What does the phrase “not worth a hill of beans” mean and Where does it originate?

Beans, like straw, have long indicated small value. “Not to care a straw” means that the speaker has little more than the slightest concern over that of which he speaks, no more than the value of the straw trampled upon by householders of old. And the bean has long had no higher regard. (“Hill” is American hyperbole, inserted about a hundred years ago for exaggerated emphasis.) The expression is one of the oldest in the language. We find it used by Robert of Gloucester back in 1297 in his English Chronicles, page 497:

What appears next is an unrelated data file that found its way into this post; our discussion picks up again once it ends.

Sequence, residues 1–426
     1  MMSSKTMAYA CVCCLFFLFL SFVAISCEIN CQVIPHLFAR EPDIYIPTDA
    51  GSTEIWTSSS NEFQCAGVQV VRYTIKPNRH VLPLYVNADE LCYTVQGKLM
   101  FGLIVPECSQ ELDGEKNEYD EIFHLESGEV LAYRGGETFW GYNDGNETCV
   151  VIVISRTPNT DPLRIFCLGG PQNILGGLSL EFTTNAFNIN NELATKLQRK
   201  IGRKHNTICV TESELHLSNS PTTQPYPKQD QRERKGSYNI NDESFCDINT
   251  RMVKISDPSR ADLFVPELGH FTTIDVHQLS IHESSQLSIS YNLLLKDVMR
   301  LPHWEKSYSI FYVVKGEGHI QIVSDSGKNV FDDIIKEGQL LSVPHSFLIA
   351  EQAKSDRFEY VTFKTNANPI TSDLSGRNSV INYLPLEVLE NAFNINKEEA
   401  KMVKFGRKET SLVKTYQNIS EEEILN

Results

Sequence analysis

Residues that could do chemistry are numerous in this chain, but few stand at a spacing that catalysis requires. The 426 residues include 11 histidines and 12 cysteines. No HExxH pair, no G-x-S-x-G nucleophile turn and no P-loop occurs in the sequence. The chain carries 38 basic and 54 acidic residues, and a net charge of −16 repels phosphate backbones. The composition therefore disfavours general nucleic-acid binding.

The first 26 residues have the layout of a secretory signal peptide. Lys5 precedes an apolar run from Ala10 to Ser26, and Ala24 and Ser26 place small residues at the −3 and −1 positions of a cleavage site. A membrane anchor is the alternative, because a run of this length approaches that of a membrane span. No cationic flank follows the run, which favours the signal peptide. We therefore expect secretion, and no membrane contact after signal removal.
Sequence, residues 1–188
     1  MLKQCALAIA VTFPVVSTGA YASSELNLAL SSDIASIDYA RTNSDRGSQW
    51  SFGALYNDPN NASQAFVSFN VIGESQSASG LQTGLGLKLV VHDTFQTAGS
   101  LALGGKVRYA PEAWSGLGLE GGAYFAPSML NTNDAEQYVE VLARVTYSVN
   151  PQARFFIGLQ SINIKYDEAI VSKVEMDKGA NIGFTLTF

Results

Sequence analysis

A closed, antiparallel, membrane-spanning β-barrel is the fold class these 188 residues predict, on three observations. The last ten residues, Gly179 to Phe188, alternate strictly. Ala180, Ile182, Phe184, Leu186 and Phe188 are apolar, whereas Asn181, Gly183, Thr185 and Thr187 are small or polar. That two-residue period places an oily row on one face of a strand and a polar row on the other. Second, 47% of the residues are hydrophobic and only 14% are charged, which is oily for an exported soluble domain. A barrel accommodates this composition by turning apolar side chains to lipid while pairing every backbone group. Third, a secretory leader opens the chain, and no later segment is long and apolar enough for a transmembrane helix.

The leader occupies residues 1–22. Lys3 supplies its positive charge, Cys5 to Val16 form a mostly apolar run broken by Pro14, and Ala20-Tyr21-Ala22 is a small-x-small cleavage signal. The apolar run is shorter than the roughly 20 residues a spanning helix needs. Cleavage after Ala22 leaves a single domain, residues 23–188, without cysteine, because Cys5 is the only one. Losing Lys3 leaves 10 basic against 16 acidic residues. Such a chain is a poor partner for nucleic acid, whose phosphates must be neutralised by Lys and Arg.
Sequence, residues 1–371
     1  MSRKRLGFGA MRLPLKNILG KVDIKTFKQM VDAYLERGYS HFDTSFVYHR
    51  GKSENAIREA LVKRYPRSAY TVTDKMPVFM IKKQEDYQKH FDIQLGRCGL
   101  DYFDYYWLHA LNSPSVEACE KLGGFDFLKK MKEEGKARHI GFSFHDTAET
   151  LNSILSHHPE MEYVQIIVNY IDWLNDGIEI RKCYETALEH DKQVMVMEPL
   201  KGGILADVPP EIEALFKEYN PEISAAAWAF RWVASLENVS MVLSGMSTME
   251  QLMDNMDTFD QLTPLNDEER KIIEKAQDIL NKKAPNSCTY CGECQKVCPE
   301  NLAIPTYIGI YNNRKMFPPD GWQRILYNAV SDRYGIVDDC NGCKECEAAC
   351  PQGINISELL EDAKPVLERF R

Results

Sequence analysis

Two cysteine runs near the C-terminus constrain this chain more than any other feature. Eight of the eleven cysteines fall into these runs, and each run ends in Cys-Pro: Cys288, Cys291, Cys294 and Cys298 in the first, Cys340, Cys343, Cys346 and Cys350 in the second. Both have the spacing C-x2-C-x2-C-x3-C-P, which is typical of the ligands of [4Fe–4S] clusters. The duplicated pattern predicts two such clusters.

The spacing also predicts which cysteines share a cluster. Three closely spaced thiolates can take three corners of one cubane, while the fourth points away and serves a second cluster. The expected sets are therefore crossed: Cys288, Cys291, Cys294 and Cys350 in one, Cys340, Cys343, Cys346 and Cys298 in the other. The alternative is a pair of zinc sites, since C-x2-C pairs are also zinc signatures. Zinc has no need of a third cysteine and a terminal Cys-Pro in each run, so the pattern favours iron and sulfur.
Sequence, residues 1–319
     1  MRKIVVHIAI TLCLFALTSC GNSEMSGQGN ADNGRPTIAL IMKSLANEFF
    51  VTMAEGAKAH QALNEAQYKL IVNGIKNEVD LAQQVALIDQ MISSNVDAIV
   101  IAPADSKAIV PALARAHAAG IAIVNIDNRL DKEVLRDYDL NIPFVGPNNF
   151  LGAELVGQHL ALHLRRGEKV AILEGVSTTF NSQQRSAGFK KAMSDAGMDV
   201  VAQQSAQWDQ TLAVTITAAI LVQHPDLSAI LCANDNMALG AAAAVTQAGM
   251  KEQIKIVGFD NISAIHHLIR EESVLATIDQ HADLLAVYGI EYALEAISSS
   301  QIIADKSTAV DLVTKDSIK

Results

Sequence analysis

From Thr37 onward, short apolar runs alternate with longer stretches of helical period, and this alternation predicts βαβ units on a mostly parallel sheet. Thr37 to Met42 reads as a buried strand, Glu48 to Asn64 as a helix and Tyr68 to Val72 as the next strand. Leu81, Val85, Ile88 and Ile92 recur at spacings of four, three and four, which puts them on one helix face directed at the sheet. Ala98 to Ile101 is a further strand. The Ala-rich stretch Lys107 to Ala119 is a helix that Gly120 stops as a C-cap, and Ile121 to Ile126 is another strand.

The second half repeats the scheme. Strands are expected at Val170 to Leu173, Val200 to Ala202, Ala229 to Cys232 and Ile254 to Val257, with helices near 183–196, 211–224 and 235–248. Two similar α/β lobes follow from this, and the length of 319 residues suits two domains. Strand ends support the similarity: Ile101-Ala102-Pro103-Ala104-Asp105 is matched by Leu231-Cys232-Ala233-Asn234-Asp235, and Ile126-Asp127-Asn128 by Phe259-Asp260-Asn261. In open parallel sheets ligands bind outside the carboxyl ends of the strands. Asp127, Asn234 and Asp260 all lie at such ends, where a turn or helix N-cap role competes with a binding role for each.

pe king of alimayne sende specialliche inou To king Ion pat he wipdrowe him of is wou & vnderuenge pe erchebissop & holichurche al clene Lete abbe it franchise & al nas wurp a bene.
We don’t speak or write that way now, thank heavens, but freely translated it reads: “The king of Almain (Germany) sent (a message) especially to king John to forget his hurt, and receive the archbishop, and let Holy Church have her franchise, clear and clean; altogether not worth a bean.”